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Lecture

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5 Pages
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Department
Woodsworth College Courses
Course Code
WDW101Y1
Professor
Scot Wortley

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Week THREE
Why do some people engage activity and others refrain from it? What is a theory?
Basic components of criminological theory:
Explanatory framework (set of ideas or arguments used to explain a particular
phenomenon
Assessment strategies (ounce a theory is develop you have to design strategies to test
it)
Policy recommendations
Common theoretical debates:
Tension between theories that focus on structure (economy...) and that focus on
process (relationship building)
Theories that argue that all human being are responsible of there action, since we
are all conscious of our actions (vs.) We are born with a clean slate but what we are
exposed to and what we experience during our lives
Society is responsible for the human behaviour we observe and they are responsible
for crime (vs.) people are responsible on there actions.
Degrees of consensus
Empirical assessment:
Theories must be testable
Good theories are not tautological. (circular logic) ( no empirical relationship
between your cause ant effect)
Must be able to operationalize (measure or document) important concepts or
variable
Evidence must be observable
Social policy and theory:
Some theories focus on changing the individual
Some focus on changing local communities (new economic activity, changing the
design of the community)
www.notesolution.com
Some theories focus on changing society (reducing poverty)
Some theories focus on changing the law
Must consider the practical limitations of theoretical derived policy
recommendations.
Crime in the dark ages:
Mores and Folkways dominated feudal communities. The law varies from region to
region (it was very localized)
Serious crime explained in spiritual terms: the battle between good and evil.
Demonology was very popular.
Trephination: an early form of neural surgery designed to release eveil spirits
dwelling in the heads of offenders
Guilt often determined by ordeals ordeals by water, ordeal by fire, by battle, ...
The age of brutal public punishment and torture (the pillory, beheading, hanging,
draw and quartering , ...
Chaotic, arbitrary justice. Local economic and religious elites use the justice system
to eliminate their enemies and maintain power
The enlightenment:
Period of industrialization and urbanization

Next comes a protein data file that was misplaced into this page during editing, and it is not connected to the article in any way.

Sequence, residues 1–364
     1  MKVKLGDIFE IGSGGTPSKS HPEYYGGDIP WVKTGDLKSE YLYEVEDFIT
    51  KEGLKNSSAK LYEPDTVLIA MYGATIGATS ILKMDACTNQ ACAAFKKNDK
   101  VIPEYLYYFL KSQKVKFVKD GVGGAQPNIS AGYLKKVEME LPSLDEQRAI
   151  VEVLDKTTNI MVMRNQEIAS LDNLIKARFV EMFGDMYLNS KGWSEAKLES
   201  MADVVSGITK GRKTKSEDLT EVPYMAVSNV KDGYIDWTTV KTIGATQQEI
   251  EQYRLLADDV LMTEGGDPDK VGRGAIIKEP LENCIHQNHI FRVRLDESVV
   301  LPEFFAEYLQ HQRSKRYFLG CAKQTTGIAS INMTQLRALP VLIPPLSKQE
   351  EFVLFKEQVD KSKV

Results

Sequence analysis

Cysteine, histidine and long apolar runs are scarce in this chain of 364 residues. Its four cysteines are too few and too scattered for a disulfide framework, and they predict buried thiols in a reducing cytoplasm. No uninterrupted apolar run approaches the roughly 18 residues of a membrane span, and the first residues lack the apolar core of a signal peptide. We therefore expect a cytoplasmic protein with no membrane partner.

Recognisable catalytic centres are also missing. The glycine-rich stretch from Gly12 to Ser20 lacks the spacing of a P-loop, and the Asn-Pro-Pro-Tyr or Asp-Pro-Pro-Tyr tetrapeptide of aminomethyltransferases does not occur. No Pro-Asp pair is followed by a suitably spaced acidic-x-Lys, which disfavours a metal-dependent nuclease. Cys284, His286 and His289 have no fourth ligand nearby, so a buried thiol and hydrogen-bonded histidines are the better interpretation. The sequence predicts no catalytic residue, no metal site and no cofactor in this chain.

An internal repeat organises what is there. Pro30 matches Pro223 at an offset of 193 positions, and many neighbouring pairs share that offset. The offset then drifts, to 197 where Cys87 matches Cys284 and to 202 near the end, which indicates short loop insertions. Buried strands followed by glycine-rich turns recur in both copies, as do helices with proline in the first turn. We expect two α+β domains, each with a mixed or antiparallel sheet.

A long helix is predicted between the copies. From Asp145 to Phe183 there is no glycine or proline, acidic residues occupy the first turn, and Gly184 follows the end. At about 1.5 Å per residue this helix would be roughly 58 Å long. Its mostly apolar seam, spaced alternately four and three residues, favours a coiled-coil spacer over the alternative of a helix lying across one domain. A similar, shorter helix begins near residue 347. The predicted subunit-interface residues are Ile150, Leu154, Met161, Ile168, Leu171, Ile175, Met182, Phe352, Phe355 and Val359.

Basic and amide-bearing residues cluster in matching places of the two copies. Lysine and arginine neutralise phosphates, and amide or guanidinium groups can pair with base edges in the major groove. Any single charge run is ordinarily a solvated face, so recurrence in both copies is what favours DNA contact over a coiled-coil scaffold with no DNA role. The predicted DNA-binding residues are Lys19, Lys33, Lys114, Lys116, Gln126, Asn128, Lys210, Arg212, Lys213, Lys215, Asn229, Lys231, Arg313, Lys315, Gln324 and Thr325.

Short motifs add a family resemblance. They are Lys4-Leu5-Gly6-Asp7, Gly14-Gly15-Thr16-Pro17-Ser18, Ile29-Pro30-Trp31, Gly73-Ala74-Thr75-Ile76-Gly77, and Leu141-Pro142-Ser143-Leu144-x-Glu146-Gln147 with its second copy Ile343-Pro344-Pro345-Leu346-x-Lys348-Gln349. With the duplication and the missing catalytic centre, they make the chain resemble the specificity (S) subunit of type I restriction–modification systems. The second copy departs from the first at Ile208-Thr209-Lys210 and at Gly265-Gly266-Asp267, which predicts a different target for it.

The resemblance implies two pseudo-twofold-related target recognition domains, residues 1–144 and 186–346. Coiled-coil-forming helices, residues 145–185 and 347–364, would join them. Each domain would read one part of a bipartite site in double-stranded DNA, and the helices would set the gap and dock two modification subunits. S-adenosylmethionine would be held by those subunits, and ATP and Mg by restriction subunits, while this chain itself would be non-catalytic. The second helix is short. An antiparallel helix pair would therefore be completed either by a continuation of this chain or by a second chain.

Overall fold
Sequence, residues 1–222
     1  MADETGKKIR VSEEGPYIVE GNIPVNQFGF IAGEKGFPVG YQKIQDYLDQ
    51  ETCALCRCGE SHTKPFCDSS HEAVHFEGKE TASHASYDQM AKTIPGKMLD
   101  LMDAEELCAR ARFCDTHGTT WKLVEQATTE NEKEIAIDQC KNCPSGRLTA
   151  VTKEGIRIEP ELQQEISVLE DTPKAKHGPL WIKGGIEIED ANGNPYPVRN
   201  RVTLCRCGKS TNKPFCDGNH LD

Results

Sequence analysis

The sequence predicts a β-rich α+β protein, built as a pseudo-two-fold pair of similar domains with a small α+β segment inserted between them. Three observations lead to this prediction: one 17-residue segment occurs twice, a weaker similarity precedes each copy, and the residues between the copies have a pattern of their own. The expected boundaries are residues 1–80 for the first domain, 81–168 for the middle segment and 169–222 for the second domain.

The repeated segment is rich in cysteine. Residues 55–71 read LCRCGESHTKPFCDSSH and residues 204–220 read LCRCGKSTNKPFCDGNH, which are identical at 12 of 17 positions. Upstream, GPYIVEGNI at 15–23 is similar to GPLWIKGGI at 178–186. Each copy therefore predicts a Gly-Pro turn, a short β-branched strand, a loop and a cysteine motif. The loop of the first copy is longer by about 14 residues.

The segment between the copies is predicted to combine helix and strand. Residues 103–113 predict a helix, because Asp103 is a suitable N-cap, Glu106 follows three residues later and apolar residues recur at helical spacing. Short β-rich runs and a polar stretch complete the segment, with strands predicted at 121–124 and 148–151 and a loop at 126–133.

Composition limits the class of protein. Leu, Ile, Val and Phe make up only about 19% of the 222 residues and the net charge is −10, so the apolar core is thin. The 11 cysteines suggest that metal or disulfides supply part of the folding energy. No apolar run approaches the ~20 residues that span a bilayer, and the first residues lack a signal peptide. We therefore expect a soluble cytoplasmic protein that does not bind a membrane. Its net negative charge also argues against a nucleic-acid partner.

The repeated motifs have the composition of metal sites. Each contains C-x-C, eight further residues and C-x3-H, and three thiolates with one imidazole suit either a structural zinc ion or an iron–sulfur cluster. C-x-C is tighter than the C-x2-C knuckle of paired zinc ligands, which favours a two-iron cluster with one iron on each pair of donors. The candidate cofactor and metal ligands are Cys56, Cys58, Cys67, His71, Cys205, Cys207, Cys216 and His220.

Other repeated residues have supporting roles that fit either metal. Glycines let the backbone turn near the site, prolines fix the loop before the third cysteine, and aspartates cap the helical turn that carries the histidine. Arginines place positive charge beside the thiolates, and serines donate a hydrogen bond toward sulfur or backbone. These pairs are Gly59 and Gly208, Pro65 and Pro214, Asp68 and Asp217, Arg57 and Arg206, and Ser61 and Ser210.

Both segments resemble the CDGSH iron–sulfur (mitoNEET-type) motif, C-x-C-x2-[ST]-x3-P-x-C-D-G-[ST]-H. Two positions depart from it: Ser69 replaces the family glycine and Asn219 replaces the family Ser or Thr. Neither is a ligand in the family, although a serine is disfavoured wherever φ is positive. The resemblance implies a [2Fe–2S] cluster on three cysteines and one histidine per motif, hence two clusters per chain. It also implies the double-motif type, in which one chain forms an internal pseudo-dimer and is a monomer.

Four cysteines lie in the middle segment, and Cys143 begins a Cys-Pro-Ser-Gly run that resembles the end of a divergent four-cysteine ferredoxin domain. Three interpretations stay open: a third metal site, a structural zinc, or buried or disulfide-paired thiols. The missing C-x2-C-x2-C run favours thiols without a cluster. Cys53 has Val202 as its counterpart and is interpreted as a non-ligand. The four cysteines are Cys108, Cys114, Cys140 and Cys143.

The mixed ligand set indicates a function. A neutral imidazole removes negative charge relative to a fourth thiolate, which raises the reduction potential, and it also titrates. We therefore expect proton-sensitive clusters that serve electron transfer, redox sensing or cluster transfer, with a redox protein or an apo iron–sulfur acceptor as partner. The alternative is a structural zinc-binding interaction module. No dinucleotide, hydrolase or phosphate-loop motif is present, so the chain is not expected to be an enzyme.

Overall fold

The age of scientific discovery 9astronomy and physics, law)
Important Enlightenment thinkers include Hobbes, Locke, Rousseau and Paine.
They introduced revolutionary concepts including: the idea of fundamental human
rights, the social contract, the natural law and equality under the law, etc.)
The classical school (the founders):
Cesare Beccaria (1738-1794). An Italian philosopher. Groundbreaking manuscript
entitled An Essay on Crime and Punishment (published in 1764).
Jeremy Bentham (1748-1832). An English philosopher. Most important work
entitled Introduction to the Principle of Morals and Legislation.
They were the pioneer of criminology and the father of classical criminology. They
had very similar ideas
www.notesolution.com

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Description
Week THREE Why do some people engage activity and others refrain from it? What is a theory? Basic components of criminological theory: Explanatory framework (set of ideas or arguments used to explain a particular phenomenon Assessment strategies (ounce a theory is develop you have to design strategies to test it) Policy recommendations Common theoretical debates: Tension between theories that focus on structure (economy...) and that focus on process (relationship building) Theories that argue that all human being are responsible of there action, since we are all conscious of our actions (vs.) We are born with a clean slate but what we are exposed to and what we experience during our lives Society is responsible for the human behaviour we observe and they are responsible for crime (vs.) people are responsible on there actions. Degrees of consensus Empirical assessment : Theories must be testable Good theories are not tautological. (circular logic) ( no empirical relationship between your cause ant effect) Must be able to operationalize (measure or document) important concepts or variable Evidence must be observable Social policy and theory : Some theories focus on changing the individual Some focus on changing local communities (new economic activity, changing the design of the community) www.notesolution.com
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